Folks have been seeding clouds to induce rain for over a century, but weather variability has made it hard to collect clear evidence that seeding increases rainfall. Because of this, many consider cloud-seeding to be a psuedo-science. But the latest Journal of Applied Meteorology and Climatology presents relatively strong support:
An analysis of cloud seeding activity for the period 1960–2005 over a hydroelectric catchment (target) area located in central Tasmania is presented. The analysis is performed using a double ratio on monthly area averaged rainfall for the months May–October. Results indicate that increases in monthly precipitation are observed within the target area relative to nearby controls during periods of cloud seeding activity. Ten independent tests were performed and all double ratios found are above unity with values that range from 5–14%. Nine out of ten confidence intervals are entirely above unity and overlap in the range of 6–11%. Nine tests obtain levels of significance greater than the 0.05 level. If the Bonferroni adjustment is made to account for multiple comparisons, six tests are found to be significant at the adjusted alpha level. Further field measurements of the cloud microphysics over this region are needed to provide a physical basis for these statistical results.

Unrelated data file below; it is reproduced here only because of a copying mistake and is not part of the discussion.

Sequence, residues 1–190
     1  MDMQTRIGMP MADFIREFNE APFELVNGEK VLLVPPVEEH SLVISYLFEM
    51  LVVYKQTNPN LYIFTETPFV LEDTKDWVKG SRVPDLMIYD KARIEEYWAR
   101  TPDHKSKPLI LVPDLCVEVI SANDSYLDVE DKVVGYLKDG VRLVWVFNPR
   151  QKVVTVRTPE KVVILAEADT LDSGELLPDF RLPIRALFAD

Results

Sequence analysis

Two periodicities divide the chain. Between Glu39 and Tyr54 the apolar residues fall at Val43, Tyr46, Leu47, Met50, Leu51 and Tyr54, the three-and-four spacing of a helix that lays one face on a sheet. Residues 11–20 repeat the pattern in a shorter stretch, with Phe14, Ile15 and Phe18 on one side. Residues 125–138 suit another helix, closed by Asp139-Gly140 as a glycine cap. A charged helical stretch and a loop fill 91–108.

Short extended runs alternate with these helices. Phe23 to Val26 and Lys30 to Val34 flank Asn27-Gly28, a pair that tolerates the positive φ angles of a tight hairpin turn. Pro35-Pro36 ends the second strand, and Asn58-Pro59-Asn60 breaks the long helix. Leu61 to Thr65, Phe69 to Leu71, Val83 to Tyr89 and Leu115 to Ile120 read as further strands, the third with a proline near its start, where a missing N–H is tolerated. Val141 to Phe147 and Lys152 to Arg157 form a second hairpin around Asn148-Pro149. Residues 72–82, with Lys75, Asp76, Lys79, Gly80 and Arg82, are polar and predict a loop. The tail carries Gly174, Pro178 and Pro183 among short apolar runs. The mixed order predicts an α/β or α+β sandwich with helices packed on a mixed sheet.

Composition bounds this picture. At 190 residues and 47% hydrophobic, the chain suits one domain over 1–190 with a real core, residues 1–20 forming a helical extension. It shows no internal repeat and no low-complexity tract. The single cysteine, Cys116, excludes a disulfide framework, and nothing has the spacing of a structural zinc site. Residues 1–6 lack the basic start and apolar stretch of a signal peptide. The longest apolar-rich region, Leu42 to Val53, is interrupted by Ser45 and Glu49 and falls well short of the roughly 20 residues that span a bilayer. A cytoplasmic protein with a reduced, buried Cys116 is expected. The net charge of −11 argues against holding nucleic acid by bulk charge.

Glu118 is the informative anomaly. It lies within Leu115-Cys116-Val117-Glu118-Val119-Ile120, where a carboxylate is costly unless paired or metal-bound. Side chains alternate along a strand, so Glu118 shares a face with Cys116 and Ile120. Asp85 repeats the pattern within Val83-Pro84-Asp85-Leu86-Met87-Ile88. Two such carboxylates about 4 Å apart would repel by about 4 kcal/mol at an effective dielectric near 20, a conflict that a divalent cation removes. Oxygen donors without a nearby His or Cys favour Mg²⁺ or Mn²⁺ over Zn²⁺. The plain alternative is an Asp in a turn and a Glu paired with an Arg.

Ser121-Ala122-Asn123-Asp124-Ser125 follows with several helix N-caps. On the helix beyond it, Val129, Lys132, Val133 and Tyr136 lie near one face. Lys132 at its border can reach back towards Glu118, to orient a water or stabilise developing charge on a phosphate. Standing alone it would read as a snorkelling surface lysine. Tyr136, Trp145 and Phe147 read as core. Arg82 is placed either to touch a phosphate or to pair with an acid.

Absence of evidence is not evidence of absence; sometimes it can just take a long time for clear evidence to accumulate.